Call For An Appointment (727) 378-9008

Here at Hays Towne Veterinary Hospital we strive to provide you and your pet with only the best veterinary medicine possible through high quality patient care, cutting edge diagnostics and exceptional service and communication. It is our mission and pleasure to provide professional and compassionate veterinary care to your loved ones.

APRIL SPECIAL

April 2, 2014 @ 5:42 pm posted by Hays Towne Veterinary Hospital

APRIL SPECIAL
FREE Heartworm Test with the purchase of 6 or 12 months of HeartWorm Prevention.

Cats- Revolution
Dogs – Heartguard Plus, Trifexis or Sentinel

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FEBRUARY SPECIAL

February 9, 2014 @ 4:47 pm posted by Hays Towne Veterinary Hospital

$100 off Dental Cleaning

Call (727) 378-9008 to schedule an appointment.

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NEW OFFICE HOURS

January 9, 2014 @ 6:46 pm posted by Hays Towne Veterinary Hospital

Monday and Tuesday 8am to 5pm
Wednesday 8am to 7pm
Thursday CLOSED
Friday 8am to 5pm
Saturday 8am to 2pm
Sunday CLOSED

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Diagnosis of Heartworms
 Blood Test

Blood is drawn from the dog & tested for a protein shed by the female worm as she passes microfilaria (babies). This test is very reliable.

Then X-rays, blood labs, and urinalysis are evaluated to determine the impact of the heartworm infection on the dog’s health. Your dog will then be staged for heartworm disease as part of the evaluation.

It assists your veterinarian in choosing the best method of treatment for eliminating the heartworms:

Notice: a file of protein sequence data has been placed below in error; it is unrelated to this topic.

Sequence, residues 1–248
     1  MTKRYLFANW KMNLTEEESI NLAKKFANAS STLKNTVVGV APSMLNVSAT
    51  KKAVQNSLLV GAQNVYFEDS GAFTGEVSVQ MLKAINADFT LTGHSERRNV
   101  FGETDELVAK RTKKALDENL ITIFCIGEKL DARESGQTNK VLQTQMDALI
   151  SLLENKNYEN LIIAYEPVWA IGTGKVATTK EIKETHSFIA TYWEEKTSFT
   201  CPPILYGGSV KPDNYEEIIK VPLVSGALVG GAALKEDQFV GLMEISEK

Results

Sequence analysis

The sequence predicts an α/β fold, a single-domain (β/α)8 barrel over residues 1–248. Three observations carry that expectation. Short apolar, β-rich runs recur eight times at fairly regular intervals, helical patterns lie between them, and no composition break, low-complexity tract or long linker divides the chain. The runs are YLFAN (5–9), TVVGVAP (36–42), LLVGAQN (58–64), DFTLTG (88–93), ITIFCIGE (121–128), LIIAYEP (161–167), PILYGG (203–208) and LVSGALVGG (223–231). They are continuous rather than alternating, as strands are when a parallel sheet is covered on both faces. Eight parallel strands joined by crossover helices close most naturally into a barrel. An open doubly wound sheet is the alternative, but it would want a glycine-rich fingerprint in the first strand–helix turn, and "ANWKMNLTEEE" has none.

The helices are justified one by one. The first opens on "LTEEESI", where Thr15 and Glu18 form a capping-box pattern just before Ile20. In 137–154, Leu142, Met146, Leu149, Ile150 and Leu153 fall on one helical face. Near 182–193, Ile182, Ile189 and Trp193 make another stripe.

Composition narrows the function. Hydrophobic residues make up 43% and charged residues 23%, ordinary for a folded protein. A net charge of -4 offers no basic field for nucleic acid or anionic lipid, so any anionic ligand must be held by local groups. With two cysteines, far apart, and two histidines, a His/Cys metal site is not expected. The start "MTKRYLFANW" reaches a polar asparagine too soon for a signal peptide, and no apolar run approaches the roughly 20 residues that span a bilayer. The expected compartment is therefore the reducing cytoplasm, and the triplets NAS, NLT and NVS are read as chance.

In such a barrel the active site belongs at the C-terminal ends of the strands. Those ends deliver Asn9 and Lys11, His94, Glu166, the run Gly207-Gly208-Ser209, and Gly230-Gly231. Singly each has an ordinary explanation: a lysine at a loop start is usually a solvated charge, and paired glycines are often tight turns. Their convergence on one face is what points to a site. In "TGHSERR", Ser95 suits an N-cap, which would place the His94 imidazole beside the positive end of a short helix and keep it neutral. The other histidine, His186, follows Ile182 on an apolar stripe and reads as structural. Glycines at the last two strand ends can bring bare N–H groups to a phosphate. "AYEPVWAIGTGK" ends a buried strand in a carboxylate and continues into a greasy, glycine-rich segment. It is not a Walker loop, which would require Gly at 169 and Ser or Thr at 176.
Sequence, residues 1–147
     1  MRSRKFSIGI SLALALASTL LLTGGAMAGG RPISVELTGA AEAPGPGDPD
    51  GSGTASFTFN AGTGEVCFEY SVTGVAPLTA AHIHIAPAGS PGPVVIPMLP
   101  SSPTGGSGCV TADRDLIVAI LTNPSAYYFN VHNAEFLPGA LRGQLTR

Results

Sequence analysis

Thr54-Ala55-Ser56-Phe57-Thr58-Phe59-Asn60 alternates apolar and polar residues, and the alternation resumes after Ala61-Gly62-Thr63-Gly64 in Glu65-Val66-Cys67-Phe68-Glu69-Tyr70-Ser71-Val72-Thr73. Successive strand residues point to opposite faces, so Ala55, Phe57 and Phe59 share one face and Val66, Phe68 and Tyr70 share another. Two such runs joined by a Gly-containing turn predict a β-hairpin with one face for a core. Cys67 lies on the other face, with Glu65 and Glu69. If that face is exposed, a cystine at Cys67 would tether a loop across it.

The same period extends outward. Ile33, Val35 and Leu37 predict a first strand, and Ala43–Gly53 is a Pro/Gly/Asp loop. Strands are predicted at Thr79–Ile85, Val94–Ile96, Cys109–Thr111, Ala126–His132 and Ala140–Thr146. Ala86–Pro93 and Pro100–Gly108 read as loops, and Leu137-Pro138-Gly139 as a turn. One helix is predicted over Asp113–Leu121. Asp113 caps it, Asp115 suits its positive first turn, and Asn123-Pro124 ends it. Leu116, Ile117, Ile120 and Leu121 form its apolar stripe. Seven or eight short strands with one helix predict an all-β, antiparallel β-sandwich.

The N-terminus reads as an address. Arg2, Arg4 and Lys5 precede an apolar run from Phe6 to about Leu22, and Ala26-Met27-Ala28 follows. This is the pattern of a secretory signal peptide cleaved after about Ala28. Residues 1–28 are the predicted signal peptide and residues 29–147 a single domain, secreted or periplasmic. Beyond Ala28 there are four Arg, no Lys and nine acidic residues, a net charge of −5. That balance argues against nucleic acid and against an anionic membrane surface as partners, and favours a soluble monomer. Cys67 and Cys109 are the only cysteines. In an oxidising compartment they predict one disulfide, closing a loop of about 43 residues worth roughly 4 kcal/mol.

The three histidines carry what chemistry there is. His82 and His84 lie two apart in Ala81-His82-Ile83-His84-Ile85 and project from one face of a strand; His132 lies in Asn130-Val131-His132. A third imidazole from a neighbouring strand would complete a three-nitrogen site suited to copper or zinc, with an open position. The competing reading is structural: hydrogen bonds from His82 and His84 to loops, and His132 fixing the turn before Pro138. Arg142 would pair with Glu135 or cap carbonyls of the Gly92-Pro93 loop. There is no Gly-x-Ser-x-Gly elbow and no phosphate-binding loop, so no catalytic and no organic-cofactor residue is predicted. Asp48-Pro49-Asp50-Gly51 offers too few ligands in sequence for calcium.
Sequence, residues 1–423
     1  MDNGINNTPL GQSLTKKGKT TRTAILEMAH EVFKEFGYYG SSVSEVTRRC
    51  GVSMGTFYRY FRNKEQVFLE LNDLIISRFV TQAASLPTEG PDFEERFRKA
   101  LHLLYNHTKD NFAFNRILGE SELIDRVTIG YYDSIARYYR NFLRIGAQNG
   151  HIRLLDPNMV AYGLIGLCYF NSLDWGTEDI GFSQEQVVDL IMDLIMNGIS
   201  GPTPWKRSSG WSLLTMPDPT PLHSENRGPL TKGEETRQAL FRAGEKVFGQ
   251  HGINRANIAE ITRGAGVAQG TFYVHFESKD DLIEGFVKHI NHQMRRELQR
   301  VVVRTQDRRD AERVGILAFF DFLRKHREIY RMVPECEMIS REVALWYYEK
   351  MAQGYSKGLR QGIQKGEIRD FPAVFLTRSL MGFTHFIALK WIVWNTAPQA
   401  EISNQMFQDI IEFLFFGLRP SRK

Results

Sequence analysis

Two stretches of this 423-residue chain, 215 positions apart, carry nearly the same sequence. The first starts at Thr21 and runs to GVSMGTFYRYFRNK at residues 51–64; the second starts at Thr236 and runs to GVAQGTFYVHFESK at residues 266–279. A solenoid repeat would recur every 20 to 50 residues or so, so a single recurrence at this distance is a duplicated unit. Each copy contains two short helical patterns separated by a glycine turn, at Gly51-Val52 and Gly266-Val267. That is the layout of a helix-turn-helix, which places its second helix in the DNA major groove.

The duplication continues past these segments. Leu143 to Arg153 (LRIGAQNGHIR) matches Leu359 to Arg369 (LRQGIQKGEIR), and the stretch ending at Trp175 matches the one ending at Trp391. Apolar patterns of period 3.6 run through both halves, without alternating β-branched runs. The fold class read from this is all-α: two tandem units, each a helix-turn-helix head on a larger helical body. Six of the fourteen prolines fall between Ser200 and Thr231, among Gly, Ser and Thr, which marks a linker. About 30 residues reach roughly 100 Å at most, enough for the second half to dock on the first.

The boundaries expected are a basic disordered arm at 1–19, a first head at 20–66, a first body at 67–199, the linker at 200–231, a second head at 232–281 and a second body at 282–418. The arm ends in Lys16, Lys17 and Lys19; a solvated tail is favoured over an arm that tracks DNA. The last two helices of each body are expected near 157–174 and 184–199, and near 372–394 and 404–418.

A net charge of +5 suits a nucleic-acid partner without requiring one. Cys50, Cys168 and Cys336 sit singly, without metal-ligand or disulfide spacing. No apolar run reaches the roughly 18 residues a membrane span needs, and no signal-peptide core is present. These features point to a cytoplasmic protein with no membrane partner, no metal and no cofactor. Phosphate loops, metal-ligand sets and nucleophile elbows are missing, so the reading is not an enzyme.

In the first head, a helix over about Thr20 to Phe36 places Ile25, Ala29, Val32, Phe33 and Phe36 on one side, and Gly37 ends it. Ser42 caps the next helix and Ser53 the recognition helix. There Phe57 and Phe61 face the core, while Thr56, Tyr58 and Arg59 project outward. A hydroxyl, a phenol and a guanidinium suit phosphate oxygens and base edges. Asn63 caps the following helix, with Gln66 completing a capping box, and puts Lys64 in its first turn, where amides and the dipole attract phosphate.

Stage I Lowest risk... young, healthy, minimal heartworm disease evident on X-rays, all other tests are normal.

Stage II Moderately affected... some coughing, some difficulty breathing, changes on X-rays, and blood work may have kidney and/or liver damage.

Stage III Severely affected... weight loss, coughing, and difficulty breathing, more damage visible on x-rays, and blood tests show kidney and/or liver damage.

Stage IV Caval Syndrome... the dog is collapsing in shock, all of the above abnormalities are more intense and the dog is dying.

Another factor is when some animals develop a severe allergic reaction to the heartworms, or microfilaria. This more elusive kind of reaction occurs most often in cats. It is not uncommon for infected cats to suddenly die from the effects of just a few worms.

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 Treatment
1) The adult worms and the microfilaria are eliminated separately. No one medication kills both.

2) The only FDA approved drug is called Melarsomine dihydrochloride. It is used in a 3 dose protocol established by the American Heartworm Society.

3) The most serious side effects usually occur during the treatment of the adult heartworms. When the worms die & lodge in the lung arteries and cause pulmonary thrombosis.

4) A multimodal approach is taken before, during, & after adulticide treatment. After staging, but before & during treatment, the dog is given a monthly heartworm preventative. The dog will also receive antibiotics that kill the bacteria that the heartworms carry. Pain medication & anti-inflammatories are given during the treatment.

5) Approximately six months after adulticide therapy, the dogs are retested for the presence of heartworm(s).

(727) 378-9008

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